As part of the relocation process, Callahan engaged two consultants, which proved valuable even when they had a difference of opinion. For example, one consultant favored leasing rather than buying a building so the company could reserve capital for growth. The other favored purchasing a building over leasing because the company would own the facility regardless of what happened to the business. 

“Because we got a bigger facility than we were hoping to get, we ended up going with leasing because it was so big that I couldn’t afford to buy it, and the advice of keeping the capital to invest in growing the business after we moved was solid,” Callahan says. “But I think if we had found a smaller building, the other philosophy would have worked. I had [both consultants] together at times, and they would argue the pros and cons. If you go with only what you are thinking, sometimes you are not considering all the different options.”

The other temptation he avoided was to immediately expand into multiple new product categories after the move. Taking an incremental approach allows his team to become efficient and increase its profit margin in one category at a time before adding another new product line, he says.

A circle of experts

Callahan says that, besides sales, his biggest business strength is his ability to know where he is deficient. In contrast to owners who see everyone outside the business as “the enemy,” Callahan seeks out suppliers, consultants and professionals in areas such as insurance and accounting, in addition to leaning on the expertise of his key employees—and even, at times, competitors. He’s not shy about asking for help. 

“That is something my previous industry and previous boss taught me,” he says. “There are friendly competitors and there are not-so-friendly competitors. I talk openly and honestly with a lot of my competitors about the issues we are having.”

Through the Industrial Fabrics Association International (IFAI), he’s made contacts with valued suppliers, competitors and other industry professionals with whom he consults. “I have no knowledge of what sailmakers do and how they do it,” he says. “But you know what? Some of the practices they use are similar to what we do, and we can learn from that.”

Callahan recalls attending an IFAI Expo when he was having problems with a thread supplier. As he walked toward the convention center, he struck up a conversation with someone walking in the same direction who happened to represent another thread vendor. Through discussions at the show, Callahan found that his new connection could offer him both a quality upgrade and production efficiencies. 

“Confide in and converse with your suppliers,” he advises. “Open your eyes as much as possible and bring in as big a circle of people you can consult with as possible.”

And just as Callahan seeks to partner with suppliers and other industry professionals so that Granite State Cover & Canvas can offer better products, he wants his customers to see him as their business partner and provide him real-world feedback.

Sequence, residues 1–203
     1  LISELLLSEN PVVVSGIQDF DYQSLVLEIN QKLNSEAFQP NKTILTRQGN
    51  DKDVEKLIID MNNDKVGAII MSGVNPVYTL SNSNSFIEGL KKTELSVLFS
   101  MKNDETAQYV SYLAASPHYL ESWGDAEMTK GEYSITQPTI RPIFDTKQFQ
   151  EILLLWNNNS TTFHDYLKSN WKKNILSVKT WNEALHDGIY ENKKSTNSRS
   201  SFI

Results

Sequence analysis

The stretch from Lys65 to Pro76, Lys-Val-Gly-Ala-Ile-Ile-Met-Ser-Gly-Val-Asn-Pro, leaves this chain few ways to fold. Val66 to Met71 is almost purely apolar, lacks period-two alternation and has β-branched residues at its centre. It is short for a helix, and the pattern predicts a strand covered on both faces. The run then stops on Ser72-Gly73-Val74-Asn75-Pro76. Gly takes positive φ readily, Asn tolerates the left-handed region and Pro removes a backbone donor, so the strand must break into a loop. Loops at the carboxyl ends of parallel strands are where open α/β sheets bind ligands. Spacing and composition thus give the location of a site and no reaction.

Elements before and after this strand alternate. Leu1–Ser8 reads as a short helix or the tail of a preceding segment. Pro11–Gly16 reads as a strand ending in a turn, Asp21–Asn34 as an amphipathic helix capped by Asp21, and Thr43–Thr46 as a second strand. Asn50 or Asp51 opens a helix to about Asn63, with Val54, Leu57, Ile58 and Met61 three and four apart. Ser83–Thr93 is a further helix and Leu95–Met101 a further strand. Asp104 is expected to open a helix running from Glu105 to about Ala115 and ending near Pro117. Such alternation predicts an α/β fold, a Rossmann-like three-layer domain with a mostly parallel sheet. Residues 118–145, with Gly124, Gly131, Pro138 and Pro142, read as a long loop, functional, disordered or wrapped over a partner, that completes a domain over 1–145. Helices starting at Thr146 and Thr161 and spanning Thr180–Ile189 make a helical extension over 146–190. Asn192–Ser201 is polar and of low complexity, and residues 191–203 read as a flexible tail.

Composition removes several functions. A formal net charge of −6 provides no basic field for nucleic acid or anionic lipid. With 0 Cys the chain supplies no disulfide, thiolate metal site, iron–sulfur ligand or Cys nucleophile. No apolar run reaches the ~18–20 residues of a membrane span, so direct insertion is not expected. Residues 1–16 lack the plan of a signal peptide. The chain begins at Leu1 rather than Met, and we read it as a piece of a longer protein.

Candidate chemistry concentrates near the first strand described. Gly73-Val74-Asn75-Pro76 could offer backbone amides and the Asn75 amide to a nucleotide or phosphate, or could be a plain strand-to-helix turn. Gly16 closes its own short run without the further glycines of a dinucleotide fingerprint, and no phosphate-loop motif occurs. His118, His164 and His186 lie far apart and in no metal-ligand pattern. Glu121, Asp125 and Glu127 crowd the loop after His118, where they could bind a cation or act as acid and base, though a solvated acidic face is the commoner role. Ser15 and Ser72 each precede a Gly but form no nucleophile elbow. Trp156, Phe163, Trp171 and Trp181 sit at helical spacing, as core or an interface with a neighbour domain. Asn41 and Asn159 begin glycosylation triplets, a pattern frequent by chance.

“I think [our success] is basically due to our ability to innovate and change, like a chameleon,” he says. “We are open to innovation. We’re open to taking chances.” 

 Jill C. Lafferty is associate editor of Specialty Fabrics Review and senior editor of InTents.


David Callahan,OWNER
Granite State Cover & Canvas Inc.
Plaistow, N.H.
www.granitestatecover.com
IFAI MEMBER SINCE 2015
MOST VALUED BENEFIT: Access to industry resources


SIDEBAR: Q&A

After having moved your operation, what advice do you have for companies that are contemplating moving their production facilities?

Whatever timetable you think it is going to take, double it. However much money you think it is going to cost, double it. There’s just so much that is unforeseen. I estimated exactly what I thought it would be and then we added 50 percent to make sure we were covered, and we had grossly underestimated. It was probably 100 percent more than we thought it was going to be. We were hoping that with the 50 percent increase we would come in at what we thought originally, and we’d have wiggle room for a little bit of overage, but we underestimated. 


SIDEBAR: Snapshot

Perfect fit

Granite State Cover & Canvas Inc. excels at finding the perfect custom solutions for its clients who want maximum hauling capacity on their trailers but often need to fit into tight or unusual spaces. One such customer hauls trash off an island and needs the vehicle to fit on a ferry. Another customer has a facility with 9-foot-high openings, but uses trailers that are typically 10 feet tall, with a tarp system adding 6–12 inches to that. “He’s got to get a custom-made trailer, but he wants to make it as high as possible because of course he wants as much capacity as possible,” says Granite State Cover & Canvas owner David Callahan. “We did a combination of parts from three different suppliers, making him a system that was as low as he needed but could do the job that he needed.”